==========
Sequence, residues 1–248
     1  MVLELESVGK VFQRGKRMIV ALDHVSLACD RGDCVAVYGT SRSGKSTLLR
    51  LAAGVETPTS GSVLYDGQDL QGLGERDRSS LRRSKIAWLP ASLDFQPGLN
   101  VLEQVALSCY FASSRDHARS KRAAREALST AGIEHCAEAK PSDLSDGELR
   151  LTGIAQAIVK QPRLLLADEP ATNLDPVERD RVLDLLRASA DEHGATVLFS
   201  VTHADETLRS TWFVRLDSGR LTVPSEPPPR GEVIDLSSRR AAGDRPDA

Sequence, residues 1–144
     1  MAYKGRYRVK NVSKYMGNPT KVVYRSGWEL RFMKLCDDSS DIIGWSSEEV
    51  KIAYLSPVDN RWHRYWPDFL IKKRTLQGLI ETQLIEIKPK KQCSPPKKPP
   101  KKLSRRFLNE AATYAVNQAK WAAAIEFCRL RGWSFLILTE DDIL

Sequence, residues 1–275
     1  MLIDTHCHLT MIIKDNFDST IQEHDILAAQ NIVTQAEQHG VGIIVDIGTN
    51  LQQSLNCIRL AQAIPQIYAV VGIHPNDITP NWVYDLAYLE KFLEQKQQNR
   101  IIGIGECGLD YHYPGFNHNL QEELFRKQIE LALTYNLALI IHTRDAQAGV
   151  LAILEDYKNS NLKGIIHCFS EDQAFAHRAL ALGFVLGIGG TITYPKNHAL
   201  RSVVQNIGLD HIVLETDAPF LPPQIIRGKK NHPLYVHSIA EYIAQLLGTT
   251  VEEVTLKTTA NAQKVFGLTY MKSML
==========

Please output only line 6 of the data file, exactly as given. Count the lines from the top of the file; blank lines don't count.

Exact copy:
   201  VTHADETLRS TWFVRLDSGR LTVPSEPPPR GEVIDLSSRR AAGDRPDA